Shortly thereafter, in June, 2007, tenant Julie Brown ("Brown") moved out of the apartment in 294 ("Brown unit") .While Brown's unit was not left in the chaotic state in which Ferrari-Sacco had found the vacated Colozzo and Bonnie units, Ferrari-Sacco's view was that Brown's apartment was not in a rentable condition. Ferrari-Sacco noted the empty apartment to be "old and deteriorated" with the trim "black with chipped paint." Gutzler told Ferrari-Sacco to "clean the place up and get it ready for rent." As in the case of the Bonnie unit, Ferrari-Sacco believed that Gutzler was aware that the cost of the work to the Brown unit would exceed $1,000.00. LFS did not explicitly advise the Trust of the estimated costs of repair.

There is no evidence in the record that the parties discussed the renovation of either the Bonnie or Brown units in any greater detail. After speaking with Gutzler, Ferrari-Sacco understood that she was to restore both the Bonnie and the Brown units to a rentable condition, comparable to that of the repaired and updated Colozzo unit. As noted, LFS employees had done the repair and renovation work on the Colozzo unit; LFS also performed the work on the Bonnie and Brown units. There was no evidence at trial that Gutzler, or the Trust, ever expressed a desire to obtain bids for the necessary work on the Bonnie or the Brown unit. When the Bonnie unit was rented again, it was rented for more than Bonnie had paid. [Note 6] LFS charged the Trust $4,660.00 for the work to the Bonnie unit and $5,406.74 for its work on the Brown unit. Additionally, LFS billed the Trust for $1,175.72, plus finance charges, for hardware supplies charged at Lands End Marine Supply, Inc. Contending, primarily, that LFS had been required to obtain the Trust's approval for expenses over $1,000.00 in connection with LFS' work on the complex, but did not do so in connection with the work on the Bonnie and Brown units, and secondarily, that LFS had engaged in improper self-dealing in failing to put the contested work out for bid, the Trust declined to pay LFS'

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invoices for the work. The Trust also refused to settle the account with the hardware supplier.

LFS sued the Trust on six theories: breach of contract; violation of the Consumer Protection Act, G.L.c. 93A, §11; fraud or misrepresentation; breach of the implied covenant of good faith and fair dealing; unjust enrichment, and quantum meruit. The Trust raised no counterclaims; at trial, the Trust's defenses included LFS' alleged breaches of implied covenants of good faith and fair dealing and of its duty of loyalty, as an agent, to the Trust, as principal. The trial judge found that LFS failed to prove its G.L.c. 93A claim and its claim for fraud and misrepresentation, and that no enforceable contract existed between the parties. The judge found in favor of LFS on its claim for unjust enrichment for a recovery in quantum meruit. The court found no agency relationship existed between the parties.

On this appeal, the Trust challenges the judge's findings that no valid contract existed between the parties, that LFS was entitled to recovery in quantum meruit and was not barred from recovery by its own breaches of the implied covenant of good faith and fair dealing, and that no agency relationship existed between LFS and the Trust. On each of these questions, we affirm the trial court.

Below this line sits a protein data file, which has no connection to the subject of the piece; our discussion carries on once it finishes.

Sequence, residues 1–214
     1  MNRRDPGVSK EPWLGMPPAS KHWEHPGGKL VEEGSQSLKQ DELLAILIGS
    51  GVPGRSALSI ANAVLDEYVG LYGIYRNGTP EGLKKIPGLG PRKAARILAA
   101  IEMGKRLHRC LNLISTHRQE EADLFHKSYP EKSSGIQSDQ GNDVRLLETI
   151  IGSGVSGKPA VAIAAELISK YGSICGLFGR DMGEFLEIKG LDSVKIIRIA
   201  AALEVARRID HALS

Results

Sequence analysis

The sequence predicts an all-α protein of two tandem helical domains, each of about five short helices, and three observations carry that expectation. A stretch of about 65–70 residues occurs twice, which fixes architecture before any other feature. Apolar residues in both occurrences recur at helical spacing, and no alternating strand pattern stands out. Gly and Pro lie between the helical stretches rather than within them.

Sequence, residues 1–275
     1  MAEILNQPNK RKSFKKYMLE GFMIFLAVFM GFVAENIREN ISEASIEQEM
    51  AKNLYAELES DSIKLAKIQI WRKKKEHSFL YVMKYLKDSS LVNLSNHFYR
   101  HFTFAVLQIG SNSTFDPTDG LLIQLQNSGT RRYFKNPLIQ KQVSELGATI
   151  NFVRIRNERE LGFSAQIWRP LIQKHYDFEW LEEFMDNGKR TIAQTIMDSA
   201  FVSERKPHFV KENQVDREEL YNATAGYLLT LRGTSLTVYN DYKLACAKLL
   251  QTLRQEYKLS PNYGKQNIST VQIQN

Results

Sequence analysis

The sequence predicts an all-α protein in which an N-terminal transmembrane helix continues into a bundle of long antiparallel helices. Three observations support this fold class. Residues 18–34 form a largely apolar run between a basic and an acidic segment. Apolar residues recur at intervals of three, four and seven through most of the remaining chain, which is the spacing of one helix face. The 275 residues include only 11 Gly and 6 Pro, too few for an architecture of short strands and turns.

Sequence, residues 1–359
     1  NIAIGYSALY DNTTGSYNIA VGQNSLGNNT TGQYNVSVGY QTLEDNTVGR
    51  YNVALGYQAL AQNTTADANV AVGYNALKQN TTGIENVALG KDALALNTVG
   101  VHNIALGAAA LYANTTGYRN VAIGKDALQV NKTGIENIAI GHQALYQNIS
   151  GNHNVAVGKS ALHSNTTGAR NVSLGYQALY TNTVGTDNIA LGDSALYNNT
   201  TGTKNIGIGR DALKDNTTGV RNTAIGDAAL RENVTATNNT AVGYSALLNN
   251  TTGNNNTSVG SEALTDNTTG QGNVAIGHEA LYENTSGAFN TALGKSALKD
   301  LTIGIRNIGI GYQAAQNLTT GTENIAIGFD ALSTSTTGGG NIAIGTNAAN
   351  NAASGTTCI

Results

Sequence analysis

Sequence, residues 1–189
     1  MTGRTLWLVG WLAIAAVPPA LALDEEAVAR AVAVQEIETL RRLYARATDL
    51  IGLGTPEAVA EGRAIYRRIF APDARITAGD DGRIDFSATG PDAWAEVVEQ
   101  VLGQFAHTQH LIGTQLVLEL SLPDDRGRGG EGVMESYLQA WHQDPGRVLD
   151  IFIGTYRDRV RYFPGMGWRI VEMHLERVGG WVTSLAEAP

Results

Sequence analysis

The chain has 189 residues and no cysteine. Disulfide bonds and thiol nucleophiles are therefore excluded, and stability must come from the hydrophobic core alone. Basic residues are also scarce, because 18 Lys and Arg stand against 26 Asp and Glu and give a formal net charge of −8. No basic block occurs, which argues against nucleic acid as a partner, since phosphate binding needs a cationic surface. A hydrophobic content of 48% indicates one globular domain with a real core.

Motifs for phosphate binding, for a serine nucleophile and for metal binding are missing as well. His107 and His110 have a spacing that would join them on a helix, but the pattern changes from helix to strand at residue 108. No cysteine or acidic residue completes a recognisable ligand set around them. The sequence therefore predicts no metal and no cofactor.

1. We first review the trial court's findings concerning LFS' breach of contract claim, and the Trust's defenses related to that claim. Where, as here, the evidence of the existence of a valid contract is disputed, the contract's existence is a question of fact. See, e.g., LeMaitre v. Massachusetts Turnpike Auth., 70 Mass. App. Ct. 634, 637-638 (2007), S.C., 452 Mass. 753 (2008), citing Jackson v. Action for Boston Community Dev., Inc., 403 Mass. 8, 9 (1988); Turner v. Community Homeowner's Ass'n, Inc., 62 Mass. App. Ct. 319, 324-325 (2004), citing Goldstein v. Katz, 325 Mass. 428, 430 (1950) , and Madden v. Estin, 28 Mass. App. Ct. 392, 395 (1990) .The trial court found that the parties never reached a meeting of the minds on at least one of the material terms of any claimed contract for renovation of the Bonnie and Brown units, namely, the significance of the $1,000.00 "expenditure threshold" Gutzler and Ferrari-Sacco agreed they discussed in 2006. The judge found that LFS understood that it was "to advise the Trust when the $1,000 threshold was reached," while Gutzler understood that he would have "the right to approve, or not, any expenditure at that level." Further complicating the question, the court found that the parties had not reached agreement even on the question of whether the $1,000.00 threshold applied only to single expenditures, to single projects, or, instead, to each $1,000.00 spent, determined cumulatively. The record supports these factual findings as well as the judge's ruling that no valid contract existed between the parties for the work LFS performed on the Bonnie and Brown units. See, e.g., Situation Mgt. Sys., Inc. v. Malouf Inc., 430 Mass. 875, 878 (2000) ("It is axiomatic that to create an enforceable contract, there must be agreement between the parties on the material terms of that contract. ...") ; Lucey v. Hero Inn Corp., 361 Mass. 569, 574 (1972) . The material terms must be sufficiently defined "so that the intentions of the parties may be discovered, the nature and extent of their obligations ascertained, and their rights determined." Lucey, supra, quoting Cygan v. Megathlin, 326 Mass. 732, 733-734 (1951). "We do not set aside a judge's findings of fact unless